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Losing a Child: Always Andy's Mom

As a pediatrician, married mom of three biological children and one foster son, my life was busy, rushing off to my office four days a week, seeing patients for three and working as a medical director of a local physician organization for one. I balanced this with rushing off to shuttle my kids to after sports and other after school activities. All of this changed one day in August of 2018 when my 14 year old son, Andy, was killed in a car accident. I felt like my life was over, and in some ways it was over, and a new life was forced to begin in its place. 

Grief is seldom discussed openly in our culture, and the death of a child makes people feel even more uncomfortable. On this blog and podcast, ‘Losing a Child: Always Andy’s Mom’, the topic is approached openly and honestly, speaking to people who have lost loved ones and experts who help care for them. Whether you are a parent experiencing loss or someone who wants to support another going through this tragedy, this blog and podcast strives to offer hope and help.

Nov 14, 2019

On today's episode, Gwen and I discuss the struggles of getting through the holidays with a heart that is grieving and broken. Grieving is hard work with days that are good and other days that are terrible. Triggers come. Sometimes the triggers are out of the blue and sometimes they are expected. Family gatherings and holiday traditions are so difficult after the death of a loved one in your family.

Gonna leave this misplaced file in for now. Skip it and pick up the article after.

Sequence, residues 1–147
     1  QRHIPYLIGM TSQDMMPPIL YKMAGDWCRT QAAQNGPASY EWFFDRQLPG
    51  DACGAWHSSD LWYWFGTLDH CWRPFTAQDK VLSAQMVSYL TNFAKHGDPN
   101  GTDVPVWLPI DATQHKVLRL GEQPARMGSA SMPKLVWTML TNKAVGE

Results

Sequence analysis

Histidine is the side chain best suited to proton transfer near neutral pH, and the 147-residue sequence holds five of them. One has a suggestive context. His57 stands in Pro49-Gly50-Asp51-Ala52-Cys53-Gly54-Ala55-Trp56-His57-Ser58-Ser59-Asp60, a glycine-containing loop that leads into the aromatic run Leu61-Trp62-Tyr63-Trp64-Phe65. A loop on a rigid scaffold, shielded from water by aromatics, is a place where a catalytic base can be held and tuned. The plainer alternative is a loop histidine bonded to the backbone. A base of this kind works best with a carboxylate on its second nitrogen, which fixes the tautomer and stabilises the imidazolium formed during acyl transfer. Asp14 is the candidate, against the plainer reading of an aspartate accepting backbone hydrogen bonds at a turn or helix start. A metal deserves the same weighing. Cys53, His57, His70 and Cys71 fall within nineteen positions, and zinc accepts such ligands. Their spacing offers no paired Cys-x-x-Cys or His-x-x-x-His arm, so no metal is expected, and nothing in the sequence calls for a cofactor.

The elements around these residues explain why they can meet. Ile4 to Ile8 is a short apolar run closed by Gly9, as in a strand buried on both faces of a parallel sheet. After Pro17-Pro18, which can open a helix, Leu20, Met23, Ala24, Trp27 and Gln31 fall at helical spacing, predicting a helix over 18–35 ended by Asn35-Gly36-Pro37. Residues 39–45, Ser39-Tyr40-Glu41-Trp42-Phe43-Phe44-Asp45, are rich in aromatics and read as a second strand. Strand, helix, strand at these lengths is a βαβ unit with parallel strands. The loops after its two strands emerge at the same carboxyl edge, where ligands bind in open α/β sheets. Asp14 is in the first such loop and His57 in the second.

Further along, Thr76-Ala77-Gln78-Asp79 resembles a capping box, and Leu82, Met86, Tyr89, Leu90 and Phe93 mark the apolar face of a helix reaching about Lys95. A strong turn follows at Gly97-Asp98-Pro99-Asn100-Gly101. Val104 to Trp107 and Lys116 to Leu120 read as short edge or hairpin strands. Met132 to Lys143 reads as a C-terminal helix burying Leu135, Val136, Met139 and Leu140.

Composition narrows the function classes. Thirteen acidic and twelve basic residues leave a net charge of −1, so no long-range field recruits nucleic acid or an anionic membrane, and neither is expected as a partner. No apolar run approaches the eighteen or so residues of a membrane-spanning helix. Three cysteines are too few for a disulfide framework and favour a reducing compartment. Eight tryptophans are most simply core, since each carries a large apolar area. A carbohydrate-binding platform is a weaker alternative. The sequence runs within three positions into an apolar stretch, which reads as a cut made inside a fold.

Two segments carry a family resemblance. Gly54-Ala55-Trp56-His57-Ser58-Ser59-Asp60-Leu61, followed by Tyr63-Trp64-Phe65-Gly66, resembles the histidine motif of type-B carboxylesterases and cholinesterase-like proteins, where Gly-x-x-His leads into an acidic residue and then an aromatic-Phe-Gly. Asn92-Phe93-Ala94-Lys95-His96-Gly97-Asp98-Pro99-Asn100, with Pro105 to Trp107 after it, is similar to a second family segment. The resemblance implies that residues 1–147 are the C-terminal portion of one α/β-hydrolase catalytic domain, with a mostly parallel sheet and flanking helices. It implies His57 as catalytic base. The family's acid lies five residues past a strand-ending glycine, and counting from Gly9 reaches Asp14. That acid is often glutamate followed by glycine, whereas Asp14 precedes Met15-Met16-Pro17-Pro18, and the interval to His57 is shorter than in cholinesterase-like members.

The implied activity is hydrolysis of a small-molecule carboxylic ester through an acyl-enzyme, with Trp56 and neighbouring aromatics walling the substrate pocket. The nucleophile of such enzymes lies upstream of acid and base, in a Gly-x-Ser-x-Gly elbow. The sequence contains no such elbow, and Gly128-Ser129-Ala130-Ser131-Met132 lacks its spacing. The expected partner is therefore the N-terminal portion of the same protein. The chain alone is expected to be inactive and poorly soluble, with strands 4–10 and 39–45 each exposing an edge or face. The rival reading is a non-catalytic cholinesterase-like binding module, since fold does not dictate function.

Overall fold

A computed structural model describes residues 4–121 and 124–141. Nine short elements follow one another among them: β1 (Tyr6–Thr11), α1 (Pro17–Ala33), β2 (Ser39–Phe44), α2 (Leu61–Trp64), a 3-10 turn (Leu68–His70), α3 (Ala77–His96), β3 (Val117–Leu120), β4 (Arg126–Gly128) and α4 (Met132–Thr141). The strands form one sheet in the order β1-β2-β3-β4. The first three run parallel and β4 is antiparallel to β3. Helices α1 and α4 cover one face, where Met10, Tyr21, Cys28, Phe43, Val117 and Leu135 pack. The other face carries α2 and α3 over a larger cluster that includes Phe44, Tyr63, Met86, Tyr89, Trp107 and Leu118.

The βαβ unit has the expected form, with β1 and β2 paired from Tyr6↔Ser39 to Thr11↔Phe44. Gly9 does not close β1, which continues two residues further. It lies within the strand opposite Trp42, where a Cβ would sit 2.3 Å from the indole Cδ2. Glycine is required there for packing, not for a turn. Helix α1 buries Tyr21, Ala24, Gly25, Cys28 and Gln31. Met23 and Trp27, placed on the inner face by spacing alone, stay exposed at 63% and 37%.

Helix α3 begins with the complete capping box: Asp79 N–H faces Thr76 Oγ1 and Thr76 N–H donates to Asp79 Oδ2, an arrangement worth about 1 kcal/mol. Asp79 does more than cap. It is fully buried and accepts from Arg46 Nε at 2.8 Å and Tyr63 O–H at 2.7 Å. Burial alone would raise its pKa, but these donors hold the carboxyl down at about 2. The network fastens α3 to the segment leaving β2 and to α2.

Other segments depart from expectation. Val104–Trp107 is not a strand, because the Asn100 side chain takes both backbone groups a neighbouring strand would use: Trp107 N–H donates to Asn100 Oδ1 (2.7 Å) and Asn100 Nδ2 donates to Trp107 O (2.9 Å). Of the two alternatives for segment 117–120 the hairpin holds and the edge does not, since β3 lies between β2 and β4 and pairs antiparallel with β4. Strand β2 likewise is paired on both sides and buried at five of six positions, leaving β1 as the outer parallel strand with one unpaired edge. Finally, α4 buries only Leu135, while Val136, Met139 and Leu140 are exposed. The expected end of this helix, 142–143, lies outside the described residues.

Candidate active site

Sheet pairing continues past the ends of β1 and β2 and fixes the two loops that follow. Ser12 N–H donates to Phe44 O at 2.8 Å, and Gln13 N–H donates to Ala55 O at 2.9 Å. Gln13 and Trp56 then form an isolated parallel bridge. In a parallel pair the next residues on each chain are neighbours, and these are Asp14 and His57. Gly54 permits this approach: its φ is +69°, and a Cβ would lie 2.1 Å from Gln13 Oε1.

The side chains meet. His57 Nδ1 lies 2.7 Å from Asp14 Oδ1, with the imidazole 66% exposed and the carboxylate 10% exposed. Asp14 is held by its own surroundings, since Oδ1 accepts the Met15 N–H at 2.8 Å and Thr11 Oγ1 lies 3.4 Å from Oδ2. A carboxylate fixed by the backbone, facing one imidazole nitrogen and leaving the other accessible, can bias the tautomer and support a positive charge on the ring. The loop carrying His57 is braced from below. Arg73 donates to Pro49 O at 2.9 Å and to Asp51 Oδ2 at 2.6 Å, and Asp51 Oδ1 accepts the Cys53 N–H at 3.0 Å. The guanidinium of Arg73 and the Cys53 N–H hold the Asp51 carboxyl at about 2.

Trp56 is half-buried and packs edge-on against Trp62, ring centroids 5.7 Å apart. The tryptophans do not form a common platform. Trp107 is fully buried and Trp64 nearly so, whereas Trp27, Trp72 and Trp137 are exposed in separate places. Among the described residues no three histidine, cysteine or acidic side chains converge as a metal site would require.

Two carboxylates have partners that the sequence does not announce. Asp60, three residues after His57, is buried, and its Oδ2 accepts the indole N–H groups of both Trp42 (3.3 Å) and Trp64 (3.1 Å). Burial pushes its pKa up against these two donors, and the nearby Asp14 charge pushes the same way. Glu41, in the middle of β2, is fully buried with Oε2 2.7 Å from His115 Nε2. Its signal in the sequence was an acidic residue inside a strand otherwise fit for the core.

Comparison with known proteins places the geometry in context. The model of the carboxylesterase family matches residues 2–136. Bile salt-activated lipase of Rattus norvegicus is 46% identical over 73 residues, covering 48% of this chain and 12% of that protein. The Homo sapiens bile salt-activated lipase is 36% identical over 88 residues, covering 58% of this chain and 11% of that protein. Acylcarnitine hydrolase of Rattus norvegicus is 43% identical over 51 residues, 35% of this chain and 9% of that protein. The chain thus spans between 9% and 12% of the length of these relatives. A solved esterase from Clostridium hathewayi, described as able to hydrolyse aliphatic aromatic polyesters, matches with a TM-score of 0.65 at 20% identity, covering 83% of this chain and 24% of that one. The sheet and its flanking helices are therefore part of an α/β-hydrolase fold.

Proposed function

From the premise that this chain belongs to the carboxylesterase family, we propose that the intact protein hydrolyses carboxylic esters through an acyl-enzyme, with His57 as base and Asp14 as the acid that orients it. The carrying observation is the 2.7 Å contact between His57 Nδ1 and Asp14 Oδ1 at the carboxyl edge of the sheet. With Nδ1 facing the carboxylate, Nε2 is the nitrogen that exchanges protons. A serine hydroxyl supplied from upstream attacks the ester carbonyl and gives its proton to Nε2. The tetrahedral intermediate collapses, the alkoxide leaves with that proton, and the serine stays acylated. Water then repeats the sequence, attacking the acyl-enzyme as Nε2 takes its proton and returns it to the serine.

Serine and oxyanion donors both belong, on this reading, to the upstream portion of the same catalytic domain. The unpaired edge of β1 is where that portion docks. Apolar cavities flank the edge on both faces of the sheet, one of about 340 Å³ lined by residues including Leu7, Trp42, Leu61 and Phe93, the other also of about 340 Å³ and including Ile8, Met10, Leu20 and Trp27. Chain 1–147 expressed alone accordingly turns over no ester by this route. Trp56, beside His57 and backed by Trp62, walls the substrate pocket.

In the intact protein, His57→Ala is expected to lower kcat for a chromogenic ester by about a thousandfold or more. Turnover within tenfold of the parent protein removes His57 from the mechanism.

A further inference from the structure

I know that last year after Andy died, I felt completely lost. I really had no idea what to do. I kept hearing from others that there was no right or wrong way to deal with the holiday season and that I could do whatever I wanted to do. The problem was that I had no idea what I wanted to do. I actually longed for a little bit of guidance from others who had walked this road before me. I did not know if would want to do exactly what they had done, but at least I would get some options and ideas.

This is what Gwen and I try to do here. We discuss what I did last year, what I may or may not do this year, and many things that others have done in the past. Gwen talks about the importance of having a plan and making decisions, but also giving yourself the flexibility to change those plans in any given moment.

People were right when they said that there is no right or wrong way to handle the holidays. Just as people grieve differently, they handle these hard days differently. When everything seems so overwhelming, we can start to prioritize and divide things into categories: what we feel like we need to do, what we might need help doing, and what we absolutely do not want to do. Hopefully, this gives people a place to start.

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